The terms of reference of the UK wide inquiry will determine what matters the inquiry considers and it is yet to be seen to what extent these cover devolved matters. It is possible, indeed probable, that as well as the UK wide public inquiry, and the Scottish public inquiry there will also be separate public inquiries conducted on behalf of the Welsh and Northern Irish Governments. This will be influenced by the terms of references of the UK Government’s inquiry and the degree of co-operation between the devolved administrations and the UK Government in establishing them. To a lesser extent they will also be influenced by the terms of reference of the Scottish inquiry.
The Inquiries Act 2005 makes it clear that consultation is required when terms of reference are included which relate to wholly or primarily devolved matters, and envisages that agreement will be made between the UK Minister and devolved administrations. Consultation is again required should a UK wide inquiry wish to compel the production of evidence.
As the scope of the inquiry will include matters which are primarily concerned with devolved matters, there is the potential to require considerable negotiation and deliberation over the terms of reference and use of powers of compulsion in evidence gathering, between the UK Government and the devolved administrations. It may be that it will be necessary for expediency and clarity for at least some of these matters not to be included in the UK Government’s terms of reference, requiring investigation under separate inquiries by the devolved authorities. Indeed many of these issues may be best considered by each administration in question, to make the task more manageable and to ensure that proper attention is granted to the response of each administration.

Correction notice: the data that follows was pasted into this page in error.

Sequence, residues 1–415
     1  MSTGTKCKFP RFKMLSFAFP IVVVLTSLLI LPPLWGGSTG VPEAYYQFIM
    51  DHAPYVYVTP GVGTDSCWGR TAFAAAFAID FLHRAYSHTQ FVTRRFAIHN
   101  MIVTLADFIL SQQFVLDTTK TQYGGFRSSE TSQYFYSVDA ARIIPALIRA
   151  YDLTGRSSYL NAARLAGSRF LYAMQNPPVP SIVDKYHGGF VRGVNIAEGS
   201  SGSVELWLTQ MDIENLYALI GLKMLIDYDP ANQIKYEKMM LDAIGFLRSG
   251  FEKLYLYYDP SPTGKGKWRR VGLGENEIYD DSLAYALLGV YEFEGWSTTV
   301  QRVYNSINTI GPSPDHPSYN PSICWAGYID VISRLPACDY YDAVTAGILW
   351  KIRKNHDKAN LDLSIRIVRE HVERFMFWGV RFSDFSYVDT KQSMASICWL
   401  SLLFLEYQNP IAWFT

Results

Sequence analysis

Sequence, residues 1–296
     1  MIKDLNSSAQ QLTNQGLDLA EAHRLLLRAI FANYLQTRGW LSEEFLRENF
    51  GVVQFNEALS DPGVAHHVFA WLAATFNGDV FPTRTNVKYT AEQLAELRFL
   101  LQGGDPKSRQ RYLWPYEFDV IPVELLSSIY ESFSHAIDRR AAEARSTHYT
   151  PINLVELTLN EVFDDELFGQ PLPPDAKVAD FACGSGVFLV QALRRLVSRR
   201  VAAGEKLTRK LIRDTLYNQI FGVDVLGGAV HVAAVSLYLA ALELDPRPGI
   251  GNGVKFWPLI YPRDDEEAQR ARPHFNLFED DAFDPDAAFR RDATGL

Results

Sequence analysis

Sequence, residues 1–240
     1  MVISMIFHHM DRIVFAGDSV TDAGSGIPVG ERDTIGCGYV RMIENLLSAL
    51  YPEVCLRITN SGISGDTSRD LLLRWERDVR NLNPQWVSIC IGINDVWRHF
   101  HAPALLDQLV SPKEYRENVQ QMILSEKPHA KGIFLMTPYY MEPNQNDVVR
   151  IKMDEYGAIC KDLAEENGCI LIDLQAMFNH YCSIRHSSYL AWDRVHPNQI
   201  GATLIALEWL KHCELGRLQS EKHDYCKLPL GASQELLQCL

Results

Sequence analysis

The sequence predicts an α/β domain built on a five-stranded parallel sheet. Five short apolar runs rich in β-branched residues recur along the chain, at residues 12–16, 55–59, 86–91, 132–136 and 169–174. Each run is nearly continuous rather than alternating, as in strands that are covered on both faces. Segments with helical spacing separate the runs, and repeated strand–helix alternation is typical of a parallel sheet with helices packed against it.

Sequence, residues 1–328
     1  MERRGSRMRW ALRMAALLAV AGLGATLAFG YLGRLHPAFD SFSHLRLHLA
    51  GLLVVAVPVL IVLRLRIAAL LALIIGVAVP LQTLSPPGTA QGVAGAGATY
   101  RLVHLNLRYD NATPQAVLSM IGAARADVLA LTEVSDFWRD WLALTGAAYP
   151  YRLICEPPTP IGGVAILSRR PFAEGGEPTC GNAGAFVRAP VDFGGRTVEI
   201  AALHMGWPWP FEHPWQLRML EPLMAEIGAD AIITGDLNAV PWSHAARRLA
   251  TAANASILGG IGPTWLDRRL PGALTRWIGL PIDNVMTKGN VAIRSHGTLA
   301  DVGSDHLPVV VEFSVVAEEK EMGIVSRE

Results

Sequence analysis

A comparison of the impact of a devolved policy (for example, the effect of the differences in the timing of imposing and easing of restrictions) may arise in any inquiry. In addition, consideration of matters relating to inter-governmental cooperation in the terms of reference of any inquiry would ensure that the UK level response as a whole is understood, even if devolved matters are the subject of separate inquiries.
The Scottish Government has indicated that the Scottish public inquiry will give particular consideration to the ‘four harms’ of the pandemic – direct health impacts (including cases and deaths in care homes), other non-covid health impacts, societal impacts (including education) and economic impacts. It remains to be seen whether there are any issues which will be covered by both the UK-wide and the Scottish inquiries, or whether there are any issues not covered by either. Ideally, co-operation in drafting the terms of reference of both inquiries would ensure that this does not occur. It will be interesting to see whether there is sufficient political co-operation to allow for the terms of reference of both inquiries to be both complimentary and conclusive.